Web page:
28 octobre 2010

Creative Controls (16 obstructions)

(formated asceptisation)
Independent Auteurs
(artistic freedom)
Protectionism (nationalist isolationism)Transnational coproductions
Greed (profit-driven investments)Patron of the Arts (unbinding funding)
Mercantilisation (repeating past profitable recipes)Risk-taking innovations
Remakes (appropriation/exploitation of foreign culture)Original versions (respect of foreign culture)
Contractual obligations (plot serves acting line up)Impulse casting (actors serve the story)
Star System (bankable actors)New faces, non-actors
Genres (standard blueprints)Freestyle, improvisation, experiments, hybridation, essays
Screenwriters guild Merit-based natural selection
Industrial Unions (corporatist interests dictating working conditions)Film crew determined by mutual admiration
Panels / Screen tests / Focus groups (marketing tuning)Director's final cut (auteur's creative control)
Fake screen reality (Product placement / Smoking ban / Brandless products / phony telephone numbers)Screen reflecting everyone's dailylife (without advertising for a particular product)
PETA (patronizing animal rights)Reason, common sense, personal ethics
Academism (professional routine, film school formatisation, tried and true recipes)Experimental researches, multi-disciplinary education
Post-prod sound (self-dubbing actors, fake ambient soundscape, stock sounds)Direct sound (contextualized voices, real environment, realistic and flawed soundscape)
MPAA (imposed hypocritical morality)Freedom of art, confronting taboos, pushing cultural boundaries
Oscars (fraudulent consensus, national-centric industry)Major Festivals (world class emulation)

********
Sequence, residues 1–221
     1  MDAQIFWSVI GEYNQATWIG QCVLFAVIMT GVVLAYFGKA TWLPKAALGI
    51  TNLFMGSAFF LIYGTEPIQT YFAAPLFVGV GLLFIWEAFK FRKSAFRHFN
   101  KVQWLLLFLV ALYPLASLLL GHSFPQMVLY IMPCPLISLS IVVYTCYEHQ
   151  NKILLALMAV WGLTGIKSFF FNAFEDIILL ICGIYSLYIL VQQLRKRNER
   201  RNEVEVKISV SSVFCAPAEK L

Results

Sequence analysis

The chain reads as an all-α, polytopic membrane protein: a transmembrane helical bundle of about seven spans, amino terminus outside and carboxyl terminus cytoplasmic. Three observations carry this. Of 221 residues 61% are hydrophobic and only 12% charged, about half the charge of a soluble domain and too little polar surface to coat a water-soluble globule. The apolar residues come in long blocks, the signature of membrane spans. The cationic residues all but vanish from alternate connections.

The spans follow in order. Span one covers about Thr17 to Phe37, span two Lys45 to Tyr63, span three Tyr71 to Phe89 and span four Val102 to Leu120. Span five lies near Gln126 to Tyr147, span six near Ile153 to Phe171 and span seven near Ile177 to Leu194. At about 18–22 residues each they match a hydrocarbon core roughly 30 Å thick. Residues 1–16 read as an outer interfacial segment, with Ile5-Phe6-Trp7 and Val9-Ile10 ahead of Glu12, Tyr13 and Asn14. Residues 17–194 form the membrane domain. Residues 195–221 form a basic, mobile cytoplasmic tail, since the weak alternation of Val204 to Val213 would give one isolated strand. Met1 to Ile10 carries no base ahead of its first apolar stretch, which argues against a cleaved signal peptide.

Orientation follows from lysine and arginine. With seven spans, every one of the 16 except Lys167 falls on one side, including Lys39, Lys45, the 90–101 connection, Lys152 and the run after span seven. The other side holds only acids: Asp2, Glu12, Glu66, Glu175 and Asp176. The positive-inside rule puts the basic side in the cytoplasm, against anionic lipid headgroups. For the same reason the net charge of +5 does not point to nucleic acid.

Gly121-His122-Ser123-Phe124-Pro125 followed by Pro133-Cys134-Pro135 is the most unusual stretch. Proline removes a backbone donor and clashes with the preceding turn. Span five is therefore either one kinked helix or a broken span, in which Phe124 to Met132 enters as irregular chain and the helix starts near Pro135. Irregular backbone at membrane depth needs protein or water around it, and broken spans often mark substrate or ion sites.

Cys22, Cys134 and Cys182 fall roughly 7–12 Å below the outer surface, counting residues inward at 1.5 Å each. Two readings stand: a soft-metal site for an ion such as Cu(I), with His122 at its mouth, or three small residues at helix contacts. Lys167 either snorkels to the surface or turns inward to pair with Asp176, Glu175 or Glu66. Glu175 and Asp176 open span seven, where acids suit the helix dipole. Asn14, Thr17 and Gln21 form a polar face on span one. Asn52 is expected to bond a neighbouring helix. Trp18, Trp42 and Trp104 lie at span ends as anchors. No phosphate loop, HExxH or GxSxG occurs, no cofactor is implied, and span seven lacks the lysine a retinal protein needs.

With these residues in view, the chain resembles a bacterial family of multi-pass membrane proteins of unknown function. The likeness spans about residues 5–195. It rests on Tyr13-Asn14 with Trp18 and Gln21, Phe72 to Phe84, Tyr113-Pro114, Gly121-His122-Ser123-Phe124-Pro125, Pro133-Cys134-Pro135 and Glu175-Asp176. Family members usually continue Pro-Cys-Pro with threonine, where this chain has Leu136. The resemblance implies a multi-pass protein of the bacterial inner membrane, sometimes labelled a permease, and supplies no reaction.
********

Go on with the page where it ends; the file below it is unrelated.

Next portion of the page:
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2 commentaires:

HarryTuttle a dit…

The plague of remakes, By: venicelion (The Case for Global Film, 13 November 2010)

"Hollywood is like a huge bloated leech several times larger than the smaller creatures from which it sucks the lifeblood. I refer of course to its propensity to remake films from other cultures. The remaking scenario is usually couched in terms of reverence towards the original and claims that the remake will bring a great story to a new audience who can’t or won’t read subtitles. [..]
There is no need to re-make them since the originals are available. As far as I can see the Anglo-American version of Let The Right One In is very similar to the original. If so, it is pointless. [..]
When filmmakers with the reputation of a David Fincher or a Martin Scorsese (Departed?) make pointless remakes it does make you wonder at the paucity of imagination in Hollywood – and the lack of shame. If the justification is that it brings new ideas to audiences who won’t read subtitles, perhaps we (teachers) are at fault in not pursuing a more rigorous film education policy? [..]
In the past, some distributors have bought the territorial rights for the original and then shelved the film to keep the market clear for the remake. But the ease of importing DVDs has, I think, had an impact on this practice."

HarryTuttle a dit…

A Brief History of conspicuous Product Placement in Movies (YouTube) 6'31"
by Olivier Noble (Filmdrunk)